Fundamentals of Electrostatic Discharge Part 3: How Devices Fail
This article is based on an original publication by ESDA.
An electronic device is damaged from electrostatic discharge when it no longer meets one or more specified parameters. ESD damage, categorized as either catastrophic failure or latent defect, typically occurs from mishandling during manufacture or at any time through field service.
Catastrophic failure is permanent damage to a device's circuitry, causing either total or partial malfunction, and may include a metal melt, junction breakdown or oxide failure. Depending on when the ESD event takes place, a failure of this nature may not be detected until after the part goes into production but typically prior to the device's shipping.
Whereas catastrophic failures are relatively easy to identify during testing, latent defects, or malfunctions that occur following a period of normal operation, are controversial and elusive, especially after the device has been assembled. A latent failure may be attributable to a previous ESD event that results in partial degradation of the device while its primary function is unaffected. A latent defect may also reduce the operating life of the device. Systems or products in which such defects have been incorporated are commonly expensive to repair and sometimes hazardous to the workforce.
The three main ESD events include direct electrostatic discharge to the device, electrostatic discharge from the device and field-induced discharges. The actual damage inflicted on a device is dependent upon its ability to withstand the voltage from an event, known as ESD sensitivity or susceptibility. An ESD sensitive item is commonly referred to as an ESDS.
Discharge to a device occurs when any charged conductor discharges to it. A charged conductor can be the human body. When you walk across the floor, an electrostatic charge builds up. When a finger contacts, or nearly contacts, the leads of an ESDS, the body may discharge, which may cause ESD damage. This model is known as the Human Body Model (HBM). When discharge to a device occurs from a charged conductive object, such as a metal tool, this is referred to as the Machine Model (MM).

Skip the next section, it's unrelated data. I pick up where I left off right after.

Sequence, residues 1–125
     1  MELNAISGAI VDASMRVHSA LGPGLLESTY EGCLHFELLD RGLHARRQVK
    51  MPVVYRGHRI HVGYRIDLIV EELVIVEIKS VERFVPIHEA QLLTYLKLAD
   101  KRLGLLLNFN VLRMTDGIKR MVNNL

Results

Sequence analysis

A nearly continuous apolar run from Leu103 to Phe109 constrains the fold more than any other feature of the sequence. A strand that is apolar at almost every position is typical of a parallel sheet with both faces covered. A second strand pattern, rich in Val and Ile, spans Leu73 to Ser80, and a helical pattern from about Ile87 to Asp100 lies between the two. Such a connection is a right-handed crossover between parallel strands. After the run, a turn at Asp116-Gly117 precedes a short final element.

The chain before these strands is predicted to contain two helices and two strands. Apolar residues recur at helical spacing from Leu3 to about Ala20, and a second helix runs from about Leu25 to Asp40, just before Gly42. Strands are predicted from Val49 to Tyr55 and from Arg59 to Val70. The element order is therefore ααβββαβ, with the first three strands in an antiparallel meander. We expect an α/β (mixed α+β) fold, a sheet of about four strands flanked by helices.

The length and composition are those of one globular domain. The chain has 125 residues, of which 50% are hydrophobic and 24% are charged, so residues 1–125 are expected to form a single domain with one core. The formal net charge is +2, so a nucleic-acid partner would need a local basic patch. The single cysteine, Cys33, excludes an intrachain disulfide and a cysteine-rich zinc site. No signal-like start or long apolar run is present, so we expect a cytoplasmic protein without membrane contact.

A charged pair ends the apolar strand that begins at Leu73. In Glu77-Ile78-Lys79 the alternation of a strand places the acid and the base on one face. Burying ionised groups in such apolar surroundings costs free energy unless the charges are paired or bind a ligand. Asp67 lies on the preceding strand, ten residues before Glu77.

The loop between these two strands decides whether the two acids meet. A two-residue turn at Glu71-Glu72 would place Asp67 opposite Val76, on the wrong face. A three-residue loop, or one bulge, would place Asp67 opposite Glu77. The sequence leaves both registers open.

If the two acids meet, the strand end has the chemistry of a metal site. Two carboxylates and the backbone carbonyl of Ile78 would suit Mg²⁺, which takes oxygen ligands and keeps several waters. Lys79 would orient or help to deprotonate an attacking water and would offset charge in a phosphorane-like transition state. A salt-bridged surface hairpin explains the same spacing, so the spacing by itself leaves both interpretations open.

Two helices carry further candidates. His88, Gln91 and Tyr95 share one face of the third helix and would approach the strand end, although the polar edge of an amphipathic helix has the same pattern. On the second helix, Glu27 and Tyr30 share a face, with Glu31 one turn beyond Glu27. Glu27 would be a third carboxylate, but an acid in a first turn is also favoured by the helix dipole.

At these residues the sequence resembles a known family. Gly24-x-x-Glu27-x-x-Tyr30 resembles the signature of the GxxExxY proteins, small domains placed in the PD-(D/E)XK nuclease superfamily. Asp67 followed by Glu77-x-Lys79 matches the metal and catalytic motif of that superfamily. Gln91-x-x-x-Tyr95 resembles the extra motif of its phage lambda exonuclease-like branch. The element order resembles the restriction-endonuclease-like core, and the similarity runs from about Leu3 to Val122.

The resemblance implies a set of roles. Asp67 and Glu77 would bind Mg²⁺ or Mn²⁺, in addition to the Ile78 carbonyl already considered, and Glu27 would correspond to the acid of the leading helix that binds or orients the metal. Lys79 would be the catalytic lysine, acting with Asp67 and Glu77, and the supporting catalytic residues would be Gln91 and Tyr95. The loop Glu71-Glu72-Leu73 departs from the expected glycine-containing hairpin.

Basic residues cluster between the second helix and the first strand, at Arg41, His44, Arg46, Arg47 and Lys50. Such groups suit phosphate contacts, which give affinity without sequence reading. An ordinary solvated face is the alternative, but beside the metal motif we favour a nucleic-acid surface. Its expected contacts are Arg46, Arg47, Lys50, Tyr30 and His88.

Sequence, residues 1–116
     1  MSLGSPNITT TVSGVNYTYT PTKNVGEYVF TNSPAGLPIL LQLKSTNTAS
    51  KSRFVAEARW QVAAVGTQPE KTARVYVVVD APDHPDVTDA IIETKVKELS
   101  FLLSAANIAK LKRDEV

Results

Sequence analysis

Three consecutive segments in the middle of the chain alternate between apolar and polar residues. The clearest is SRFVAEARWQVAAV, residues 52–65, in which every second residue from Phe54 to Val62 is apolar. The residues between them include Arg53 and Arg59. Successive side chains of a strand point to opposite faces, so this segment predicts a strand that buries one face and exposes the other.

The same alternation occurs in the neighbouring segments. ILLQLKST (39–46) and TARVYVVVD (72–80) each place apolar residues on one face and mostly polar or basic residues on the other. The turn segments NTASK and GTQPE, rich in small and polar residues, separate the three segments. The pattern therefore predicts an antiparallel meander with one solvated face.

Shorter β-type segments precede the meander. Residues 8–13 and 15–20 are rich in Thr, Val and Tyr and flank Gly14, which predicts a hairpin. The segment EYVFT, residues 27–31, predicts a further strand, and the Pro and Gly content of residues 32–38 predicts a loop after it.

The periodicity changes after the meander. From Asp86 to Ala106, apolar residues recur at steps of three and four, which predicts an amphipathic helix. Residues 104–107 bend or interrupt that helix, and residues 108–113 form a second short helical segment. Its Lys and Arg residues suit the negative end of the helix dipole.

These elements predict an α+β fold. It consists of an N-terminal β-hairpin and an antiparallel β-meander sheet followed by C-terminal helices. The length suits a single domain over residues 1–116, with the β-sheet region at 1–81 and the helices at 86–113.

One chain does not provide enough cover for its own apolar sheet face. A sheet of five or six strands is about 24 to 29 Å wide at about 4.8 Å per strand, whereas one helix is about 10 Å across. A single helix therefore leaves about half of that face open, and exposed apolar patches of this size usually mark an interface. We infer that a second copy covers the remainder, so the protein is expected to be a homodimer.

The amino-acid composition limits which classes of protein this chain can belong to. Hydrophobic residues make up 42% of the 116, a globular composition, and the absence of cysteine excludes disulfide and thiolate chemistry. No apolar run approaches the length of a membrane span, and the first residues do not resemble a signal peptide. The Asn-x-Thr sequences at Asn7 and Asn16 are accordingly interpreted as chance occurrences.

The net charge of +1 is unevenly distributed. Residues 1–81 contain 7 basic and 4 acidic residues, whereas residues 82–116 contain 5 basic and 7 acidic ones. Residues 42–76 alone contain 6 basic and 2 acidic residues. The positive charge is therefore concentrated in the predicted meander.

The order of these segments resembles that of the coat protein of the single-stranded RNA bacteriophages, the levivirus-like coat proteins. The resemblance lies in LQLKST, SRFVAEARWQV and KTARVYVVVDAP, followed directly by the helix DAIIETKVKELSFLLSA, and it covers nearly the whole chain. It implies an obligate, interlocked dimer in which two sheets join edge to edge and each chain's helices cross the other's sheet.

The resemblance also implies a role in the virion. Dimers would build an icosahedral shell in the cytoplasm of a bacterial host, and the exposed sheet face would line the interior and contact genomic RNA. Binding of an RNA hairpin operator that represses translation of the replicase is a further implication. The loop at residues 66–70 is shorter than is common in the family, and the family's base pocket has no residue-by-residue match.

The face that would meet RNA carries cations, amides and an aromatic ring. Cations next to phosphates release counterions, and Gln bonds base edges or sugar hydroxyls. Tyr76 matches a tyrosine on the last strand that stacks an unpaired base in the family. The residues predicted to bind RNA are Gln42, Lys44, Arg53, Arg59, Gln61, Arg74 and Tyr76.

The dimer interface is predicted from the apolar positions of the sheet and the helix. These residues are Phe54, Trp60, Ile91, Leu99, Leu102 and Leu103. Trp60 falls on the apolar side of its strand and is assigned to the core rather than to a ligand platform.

Electrostatic discharge from a device usually takes place when a static charge accumulates on the ESDS through contact with packaging materials or machine or work surfaces when the device moves across the surface or vibrates in its package. This transfer of charge is called the Charged Device Model (CDM). Devices that have discharged typically experience different types of failures than devices receiving a charge as the capacitances, energies and current waveforms vary by ESD event.
While automated assembly reduces the number of HBM events, it does not reduce the amount of damage inflicted on sensitive components. A device sliding down a feeder, for example, may be more likely to become damaged by firing a rapid discharge when it comes in contact with a conductive surface.
A field-induced discharge is the final ESD event that can cause an electronic device to fail. When an object becomes electrostatically charged, an electrostatic field is created. If an ESDS is placed in the field, a charge may be induced on the item. A transfer of charge may take place as a CDM event if the item is grounded while within the field. If the item is removed from the field and grounded again, another CDM event may be transferred from the device.
Test procedures based on ESD event models can help determine the amount of static protection a component requires. Its withstand voltage is the highest voltage level that does not cause device failure. A number of electronic components are susceptible to damage at less than 100 volts. Miniature devices, such as disk drive components, are increasingly susceptible to ESD as product designs include more circuitry.
In summation, most materials and conductors can be triboelectrically charged. Speed of contact and separation, humidity, material type and more determine the amount of charge. When an object is charged, an electrostatic field is created. A discharge can occur at any time between manufacturing and field service operations, causing either immediate damage or premature failure from a latent defect. The ensuing damage is dependent upon the device’s ability to withstand the voltage. The three main ESD events include direct electrostatic discharge to the device, electrostatic discharge from the device and field-induced discharges. ESD damage can be mitigated by effective control and training programs.